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UN chief voices deep concern over series of blasts in Afghanistan
New York: UN chief Antonio Guterres on Friday expressed his deep concern over a series of blasts in Afghanistan that killed and injured more than 250 people this month.
Guterres extended his deepest condolences to the families of the victims as he condemned the most recent attack on August 17 at the Kabul mosque. "The Secretary-General expresses his deep concern over a series of explosions in Afghanistan that have killed and injured more than 250 people this month, including children. He strongly condemns the most recent attack on 17 August, at the Abu Bakar Mosque in Kabul city," Farhan Haq, Deputy Spokesperson for the Secretary-General said in a statement.
The UN chief said any acts of terrorism are criminal and unjustifiable, regardless of their motivation, wherever, whenever and by whomsoever committed. "All Afghans have the right to live in peace and exercise their freedom of religion," he added.
On Thursday, the UN mission in Afghanistan condemned a fatal attack in Kabul that ripped through the crowded mosque during evening prayers, killing 21 people and injuring dozens of others.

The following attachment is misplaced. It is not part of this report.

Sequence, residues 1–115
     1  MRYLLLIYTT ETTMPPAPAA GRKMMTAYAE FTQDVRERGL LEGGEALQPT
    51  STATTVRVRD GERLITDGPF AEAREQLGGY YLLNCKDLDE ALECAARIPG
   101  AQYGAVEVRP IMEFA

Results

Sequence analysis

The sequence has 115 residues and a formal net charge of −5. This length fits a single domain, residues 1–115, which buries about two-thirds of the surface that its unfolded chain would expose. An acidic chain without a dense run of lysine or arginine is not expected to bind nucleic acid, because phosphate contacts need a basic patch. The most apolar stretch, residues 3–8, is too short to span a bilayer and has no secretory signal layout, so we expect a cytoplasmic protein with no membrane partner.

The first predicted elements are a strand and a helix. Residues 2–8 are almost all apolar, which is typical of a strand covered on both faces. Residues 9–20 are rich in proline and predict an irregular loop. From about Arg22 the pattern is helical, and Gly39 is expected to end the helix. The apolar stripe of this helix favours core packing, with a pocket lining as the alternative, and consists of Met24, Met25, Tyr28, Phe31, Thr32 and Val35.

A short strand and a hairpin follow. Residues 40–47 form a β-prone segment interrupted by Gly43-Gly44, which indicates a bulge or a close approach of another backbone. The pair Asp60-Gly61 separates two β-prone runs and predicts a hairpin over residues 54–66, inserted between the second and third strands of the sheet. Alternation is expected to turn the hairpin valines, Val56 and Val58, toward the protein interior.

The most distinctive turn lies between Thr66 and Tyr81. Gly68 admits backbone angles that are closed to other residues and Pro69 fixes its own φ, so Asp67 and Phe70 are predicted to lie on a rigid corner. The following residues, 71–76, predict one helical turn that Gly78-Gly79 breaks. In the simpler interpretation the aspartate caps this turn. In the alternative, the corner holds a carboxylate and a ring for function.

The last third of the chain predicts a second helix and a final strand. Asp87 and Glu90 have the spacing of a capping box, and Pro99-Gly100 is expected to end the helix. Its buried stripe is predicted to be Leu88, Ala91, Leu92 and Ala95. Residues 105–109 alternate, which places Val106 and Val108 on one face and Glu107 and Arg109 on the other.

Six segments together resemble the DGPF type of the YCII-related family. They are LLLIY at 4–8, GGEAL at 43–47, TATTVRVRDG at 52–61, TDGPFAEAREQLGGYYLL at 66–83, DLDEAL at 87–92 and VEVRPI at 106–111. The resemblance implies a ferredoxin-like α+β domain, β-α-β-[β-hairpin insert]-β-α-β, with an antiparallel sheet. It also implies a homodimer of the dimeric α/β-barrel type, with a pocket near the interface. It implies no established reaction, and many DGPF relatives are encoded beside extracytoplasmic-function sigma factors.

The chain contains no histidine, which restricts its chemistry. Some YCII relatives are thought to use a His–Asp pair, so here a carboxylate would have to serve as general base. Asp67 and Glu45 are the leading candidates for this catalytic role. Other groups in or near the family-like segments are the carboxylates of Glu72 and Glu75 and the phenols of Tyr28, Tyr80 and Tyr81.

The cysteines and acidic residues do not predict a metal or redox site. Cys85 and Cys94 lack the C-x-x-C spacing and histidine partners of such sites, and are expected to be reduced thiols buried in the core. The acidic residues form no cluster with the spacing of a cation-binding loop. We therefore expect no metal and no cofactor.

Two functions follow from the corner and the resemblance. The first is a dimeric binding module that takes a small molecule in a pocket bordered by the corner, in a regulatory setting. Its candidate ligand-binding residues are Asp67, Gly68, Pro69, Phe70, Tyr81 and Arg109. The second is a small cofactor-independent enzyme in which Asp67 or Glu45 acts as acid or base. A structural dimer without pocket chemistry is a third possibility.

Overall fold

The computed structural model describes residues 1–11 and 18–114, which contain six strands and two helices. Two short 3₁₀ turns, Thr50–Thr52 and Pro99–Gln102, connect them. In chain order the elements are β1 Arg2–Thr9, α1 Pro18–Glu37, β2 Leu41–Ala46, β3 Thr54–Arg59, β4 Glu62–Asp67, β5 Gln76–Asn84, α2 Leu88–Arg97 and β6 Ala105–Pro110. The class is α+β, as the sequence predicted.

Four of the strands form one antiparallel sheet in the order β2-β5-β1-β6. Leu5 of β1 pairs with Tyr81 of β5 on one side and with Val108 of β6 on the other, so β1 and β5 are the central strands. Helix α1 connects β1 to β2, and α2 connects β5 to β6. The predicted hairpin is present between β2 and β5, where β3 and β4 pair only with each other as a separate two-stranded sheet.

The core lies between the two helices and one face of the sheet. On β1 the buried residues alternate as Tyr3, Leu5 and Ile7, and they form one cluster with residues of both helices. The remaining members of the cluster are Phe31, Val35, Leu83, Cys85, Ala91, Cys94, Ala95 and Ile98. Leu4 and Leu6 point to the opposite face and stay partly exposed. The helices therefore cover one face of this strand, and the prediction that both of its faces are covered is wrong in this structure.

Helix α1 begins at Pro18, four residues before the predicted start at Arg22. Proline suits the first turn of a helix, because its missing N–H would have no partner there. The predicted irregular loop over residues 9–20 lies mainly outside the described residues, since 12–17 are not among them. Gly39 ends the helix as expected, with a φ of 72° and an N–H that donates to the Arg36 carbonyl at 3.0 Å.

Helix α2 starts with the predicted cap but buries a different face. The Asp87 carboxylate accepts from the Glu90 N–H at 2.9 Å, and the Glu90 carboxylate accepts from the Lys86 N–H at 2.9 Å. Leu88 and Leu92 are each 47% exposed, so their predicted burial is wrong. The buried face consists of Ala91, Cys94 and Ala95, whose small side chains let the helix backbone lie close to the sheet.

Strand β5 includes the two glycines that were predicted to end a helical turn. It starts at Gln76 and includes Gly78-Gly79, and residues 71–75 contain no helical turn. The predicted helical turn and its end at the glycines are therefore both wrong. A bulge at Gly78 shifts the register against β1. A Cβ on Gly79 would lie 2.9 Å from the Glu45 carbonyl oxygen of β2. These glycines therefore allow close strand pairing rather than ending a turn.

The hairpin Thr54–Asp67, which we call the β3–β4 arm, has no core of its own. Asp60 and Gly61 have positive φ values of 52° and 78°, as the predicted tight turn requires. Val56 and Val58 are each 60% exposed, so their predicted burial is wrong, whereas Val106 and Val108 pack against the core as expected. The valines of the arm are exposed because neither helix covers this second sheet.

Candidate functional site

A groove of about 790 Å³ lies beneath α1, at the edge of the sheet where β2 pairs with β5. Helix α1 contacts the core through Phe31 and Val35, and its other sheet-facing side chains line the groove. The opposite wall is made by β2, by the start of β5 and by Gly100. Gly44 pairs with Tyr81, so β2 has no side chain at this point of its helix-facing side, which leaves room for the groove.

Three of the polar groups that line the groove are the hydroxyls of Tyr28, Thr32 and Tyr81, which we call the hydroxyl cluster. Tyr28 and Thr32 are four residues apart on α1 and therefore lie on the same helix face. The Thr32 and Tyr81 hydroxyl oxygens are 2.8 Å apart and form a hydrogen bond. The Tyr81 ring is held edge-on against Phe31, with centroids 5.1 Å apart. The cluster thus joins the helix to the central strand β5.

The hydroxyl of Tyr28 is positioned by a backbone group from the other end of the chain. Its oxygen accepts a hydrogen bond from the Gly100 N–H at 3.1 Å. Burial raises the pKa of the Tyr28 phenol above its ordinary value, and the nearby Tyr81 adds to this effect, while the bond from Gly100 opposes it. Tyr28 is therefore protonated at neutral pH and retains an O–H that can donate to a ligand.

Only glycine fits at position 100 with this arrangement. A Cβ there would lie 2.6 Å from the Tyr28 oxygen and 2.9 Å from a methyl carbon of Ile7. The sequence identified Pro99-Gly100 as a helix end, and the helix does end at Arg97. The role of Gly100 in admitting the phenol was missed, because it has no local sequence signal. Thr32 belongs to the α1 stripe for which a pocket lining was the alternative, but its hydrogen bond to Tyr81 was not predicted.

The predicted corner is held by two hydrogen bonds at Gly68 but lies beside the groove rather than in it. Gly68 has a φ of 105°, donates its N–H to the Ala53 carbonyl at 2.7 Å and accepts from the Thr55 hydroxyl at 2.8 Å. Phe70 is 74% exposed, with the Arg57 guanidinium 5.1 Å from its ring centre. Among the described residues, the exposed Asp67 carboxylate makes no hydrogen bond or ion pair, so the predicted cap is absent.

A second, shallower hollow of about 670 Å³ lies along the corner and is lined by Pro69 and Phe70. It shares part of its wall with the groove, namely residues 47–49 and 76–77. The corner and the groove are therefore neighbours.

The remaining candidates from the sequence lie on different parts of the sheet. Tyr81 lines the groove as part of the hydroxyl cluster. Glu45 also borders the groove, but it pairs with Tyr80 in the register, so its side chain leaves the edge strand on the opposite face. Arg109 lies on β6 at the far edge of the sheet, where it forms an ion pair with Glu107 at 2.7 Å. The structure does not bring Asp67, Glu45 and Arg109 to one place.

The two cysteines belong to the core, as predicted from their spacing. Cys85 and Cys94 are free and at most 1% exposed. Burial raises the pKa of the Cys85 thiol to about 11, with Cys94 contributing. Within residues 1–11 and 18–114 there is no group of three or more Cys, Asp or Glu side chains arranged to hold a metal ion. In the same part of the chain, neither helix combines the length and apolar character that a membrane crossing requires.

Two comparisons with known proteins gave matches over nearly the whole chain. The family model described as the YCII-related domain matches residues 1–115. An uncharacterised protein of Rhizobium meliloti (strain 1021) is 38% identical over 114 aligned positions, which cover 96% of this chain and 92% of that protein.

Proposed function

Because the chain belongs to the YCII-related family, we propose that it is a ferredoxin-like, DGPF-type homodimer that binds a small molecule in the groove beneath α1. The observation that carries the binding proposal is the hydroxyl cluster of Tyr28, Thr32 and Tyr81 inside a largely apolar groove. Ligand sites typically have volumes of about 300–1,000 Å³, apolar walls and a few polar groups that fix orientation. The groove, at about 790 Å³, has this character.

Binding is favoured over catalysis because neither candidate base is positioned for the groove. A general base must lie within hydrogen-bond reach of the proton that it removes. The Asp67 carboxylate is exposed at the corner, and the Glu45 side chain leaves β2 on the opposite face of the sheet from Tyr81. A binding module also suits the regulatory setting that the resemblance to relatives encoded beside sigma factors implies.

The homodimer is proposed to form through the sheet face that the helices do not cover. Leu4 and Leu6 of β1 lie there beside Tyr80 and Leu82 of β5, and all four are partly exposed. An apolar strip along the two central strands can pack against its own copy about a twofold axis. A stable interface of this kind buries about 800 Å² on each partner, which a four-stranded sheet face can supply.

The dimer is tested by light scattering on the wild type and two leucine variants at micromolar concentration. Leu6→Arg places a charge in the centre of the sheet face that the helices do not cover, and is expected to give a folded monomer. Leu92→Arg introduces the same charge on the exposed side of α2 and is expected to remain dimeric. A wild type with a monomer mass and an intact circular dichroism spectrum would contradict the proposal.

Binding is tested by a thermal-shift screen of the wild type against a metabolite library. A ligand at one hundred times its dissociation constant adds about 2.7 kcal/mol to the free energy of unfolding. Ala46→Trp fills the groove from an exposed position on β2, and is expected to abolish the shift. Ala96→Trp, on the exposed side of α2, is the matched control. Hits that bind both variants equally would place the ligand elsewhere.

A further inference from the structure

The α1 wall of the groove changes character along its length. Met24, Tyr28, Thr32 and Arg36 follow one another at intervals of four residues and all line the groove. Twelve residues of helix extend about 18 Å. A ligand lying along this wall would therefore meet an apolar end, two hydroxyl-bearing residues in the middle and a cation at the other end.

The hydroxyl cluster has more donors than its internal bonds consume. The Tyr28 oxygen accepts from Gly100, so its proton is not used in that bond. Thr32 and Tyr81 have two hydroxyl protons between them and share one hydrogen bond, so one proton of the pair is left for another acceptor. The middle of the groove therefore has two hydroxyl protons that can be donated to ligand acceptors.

"We deplore yesterday's attack in a Kabul Mosque, the latest in a disturbing series of bombings which have killed and injured more than 250 people in recent weeks, the highest monthly number of civilian casualties over the last year," UN Assistance Mission in Afghanistan (UNAMA) said in a statement posted on Twitter on Thursday.
The UN has called on the Taliban authorities to take concrete steps to prevent all forms of terrorism in Afghanistan amid the deteriorating security situation in the country. "Vulnerable communities should be provided additional support and perpetrators brought to justice," the UN mission said.
In a strong statement, UN Special Rapporteur Richard Bennett said crimes against these victims are also crimes against us all.
"Another targeted explosion yesterday in Kabul reportedly killed 21 and injured 33, including children. Maybe Kabul isn't your city, but imagine if it were. The crimes against these victims are also crimes against us all. We cannot accept normalisation of an environment of terror," Bennett tweeted.
This latest bombing in Kabul comes days after the suicide bombing assassination of Rahimullah Haqqani, a prominent cleric who supported the Taliban and was in favour of female education. The Da'esh terrorist network claimed responsibility for the attack.
News agencies have reported that senior Taliban officials are meeting on Thursday with more than 2,000 tribal and religious elders in Afghanistan's second city Kandahar to take "important decisions". (ANI)